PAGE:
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Question: Will you support Gavin's new block size limit hard fork of 8MB by January 1, 2016 then doubling every 2 years?
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Author Topic: Gold collapsing. Bitcoin UP.  (Read 1953578 times)
tvbcof
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January 11, 2015, 06:35:00 PM
 #20001

Howabout this idea...

An asynchronous algorithm that links multiple side chains to Bitcoin in a floating peg. These side chains ...

Drop the 'floating' part of the peg (usually) and it sounds like a winner to me. ...

I was making a light hearted point, but my agnosticism can be dispelled with an actual working demonstration on a test chain.  ...

Ya, I saw what you did...even before being triggered by the red '4 comments since...' tag to glance at the thread evolution.  That's why I said "Drop the 'floating' part..."


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Let's talk governance, lipstick, and pigs.


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January 11, 2015, 06:51:32 PM
 #20002

why I said "Drop the 'floating' part..."
"Floating peg" is an oxymoron.  It was intentional. Markets aren't going away. They will become decentralized, but not replaced by confederate functionaries. Altcoins will evolve into state sponsored fiat currencies while Bitcoin flourishes in free states and as a voluntary reserve currency.

Any significantly advanced cryptocurrency is indistinguishable from Ponzi Tulips.
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January 11, 2015, 08:48:51 PM
 #20003


 why I said "Drop the 'floating' part..."

"Floating peg" is an oxymoron. ...

Yes, no, sort of.

I would not necessarily shun an implementation which 'floated the peg' as long as there were valid reasons for doing so (likely associated with performance optimizations and subsequent reduced costs), and as long as I could be assured that the rate-of-change of the 're-pegging' had to remain reasonable and there was suitable transparency.

Such an implementation would not be my first choice, but I could certainly imagine using such a system for certain things.  Especially low-value, but I see all uses of sidechains being for 'low value' tasks in relative terms.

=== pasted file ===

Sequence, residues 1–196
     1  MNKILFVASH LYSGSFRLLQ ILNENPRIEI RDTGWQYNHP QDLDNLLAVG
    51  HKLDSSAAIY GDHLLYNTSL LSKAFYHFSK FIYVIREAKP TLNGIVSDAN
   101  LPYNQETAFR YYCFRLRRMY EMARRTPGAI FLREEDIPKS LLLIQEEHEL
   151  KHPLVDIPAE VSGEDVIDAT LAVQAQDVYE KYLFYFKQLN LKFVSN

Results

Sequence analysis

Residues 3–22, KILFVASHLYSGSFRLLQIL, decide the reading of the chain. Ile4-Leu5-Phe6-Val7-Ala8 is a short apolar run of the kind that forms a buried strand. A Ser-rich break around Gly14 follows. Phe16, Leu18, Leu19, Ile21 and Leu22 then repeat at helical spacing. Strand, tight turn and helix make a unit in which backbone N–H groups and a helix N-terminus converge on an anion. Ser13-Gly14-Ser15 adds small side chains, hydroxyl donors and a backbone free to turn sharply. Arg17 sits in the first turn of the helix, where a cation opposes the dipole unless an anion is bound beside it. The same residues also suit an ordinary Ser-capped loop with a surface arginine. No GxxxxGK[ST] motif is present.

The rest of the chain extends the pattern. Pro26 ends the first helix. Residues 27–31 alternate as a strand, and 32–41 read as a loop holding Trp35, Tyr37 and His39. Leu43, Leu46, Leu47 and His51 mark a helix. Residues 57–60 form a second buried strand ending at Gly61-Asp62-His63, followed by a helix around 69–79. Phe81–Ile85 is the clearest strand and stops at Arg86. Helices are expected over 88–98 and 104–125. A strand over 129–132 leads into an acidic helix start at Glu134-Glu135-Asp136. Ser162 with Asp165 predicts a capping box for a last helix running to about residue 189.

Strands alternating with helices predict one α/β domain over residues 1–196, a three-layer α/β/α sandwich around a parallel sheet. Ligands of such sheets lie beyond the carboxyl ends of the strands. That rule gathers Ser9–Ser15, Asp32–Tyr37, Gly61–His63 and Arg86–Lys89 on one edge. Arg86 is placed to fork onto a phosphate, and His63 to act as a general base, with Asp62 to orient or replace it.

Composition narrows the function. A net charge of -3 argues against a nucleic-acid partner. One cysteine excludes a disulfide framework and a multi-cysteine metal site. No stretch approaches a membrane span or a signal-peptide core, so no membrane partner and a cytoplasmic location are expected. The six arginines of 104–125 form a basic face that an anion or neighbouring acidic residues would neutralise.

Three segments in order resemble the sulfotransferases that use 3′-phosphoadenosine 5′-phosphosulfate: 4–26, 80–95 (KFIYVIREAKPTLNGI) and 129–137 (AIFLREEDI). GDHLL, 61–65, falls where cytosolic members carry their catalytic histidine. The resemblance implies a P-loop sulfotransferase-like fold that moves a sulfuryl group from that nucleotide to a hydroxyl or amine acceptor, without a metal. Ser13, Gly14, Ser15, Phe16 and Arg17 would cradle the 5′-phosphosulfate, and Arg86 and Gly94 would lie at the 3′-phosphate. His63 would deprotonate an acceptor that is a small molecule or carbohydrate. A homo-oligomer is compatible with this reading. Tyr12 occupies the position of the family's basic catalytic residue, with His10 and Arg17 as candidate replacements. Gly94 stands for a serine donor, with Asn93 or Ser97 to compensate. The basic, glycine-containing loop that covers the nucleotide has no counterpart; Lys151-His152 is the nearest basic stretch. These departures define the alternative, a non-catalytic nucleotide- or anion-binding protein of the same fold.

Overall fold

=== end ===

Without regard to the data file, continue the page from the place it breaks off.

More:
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January 12, 2015, 04:39:29 AM
 #20004

Five years since the invention of Bitcoin, currency as its first application has made significant inroads into the global financial system. Its disruptive effect has shaken up taken for granted notions of money and inflamed the imagination as to what money could be. Bitcoin is characterized as decentralized stateless currency. Some critics call it money with a Libertarian bent, designed to promote a new capitalism, while many economists are quick to judge its perceived deflationary design as a fatal flaw. Yet Bitcoin does not fit any existing paradigm. It can best be understood on its own merits within the framework through which the technology itself emerged.

http://falkvinge.net/2015/01/06/understanding-bitcoin-and-its-disruption-through-its-roots/#pq=ElxHAW
lunarboy
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January 12, 2015, 04:53:34 PM
 #20005

 Brent crude oil drops more than 5% to $47.27 a barrel.

meanwhile in greece rufusal to pay tax to the government and a possible bank run before the elections on the 25th of this month.

http://www.zerohedge.com/news/2015-01-12/greeks-stop-paying-taxes-ahead-elections-central-bank-scrambles-halt-bank-run-rumors
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January 12, 2015, 05:37:14 PM
 #20006

Sorry, I was not blessed with the necessary Faith.   Undecided

[already quoted a few times] [and not a completely baseless argument either]


Necro. My apologies (sort of).

You argument, in three words: network insufficiently decentralized.

The counter argument, in just one more word: according to which alternative?


First, it would be pointless imo to argue against the facts: mining is concentrated more than most expected, say, 2 years ago, and more than many are fully comfortable with.

Fact as well, however: none of those conjectured 'mining cartel attacks' ever took place, and there's good reason for that: they might be technically possible, but economically not viable for anyone who holds a stake in Bitcoin (hint: sunk cost in single purpose hardware is a "stake" as well) because of the resulting market reaction upon discovery (or even suspicion such attacks are taking place). They would therefore only be mounted from someone who is willing to pay for an attack on the network itself, and I have yet to see any evidence that this is a realistic vector consistent with what we know about existing hashpower and who paid to employ it.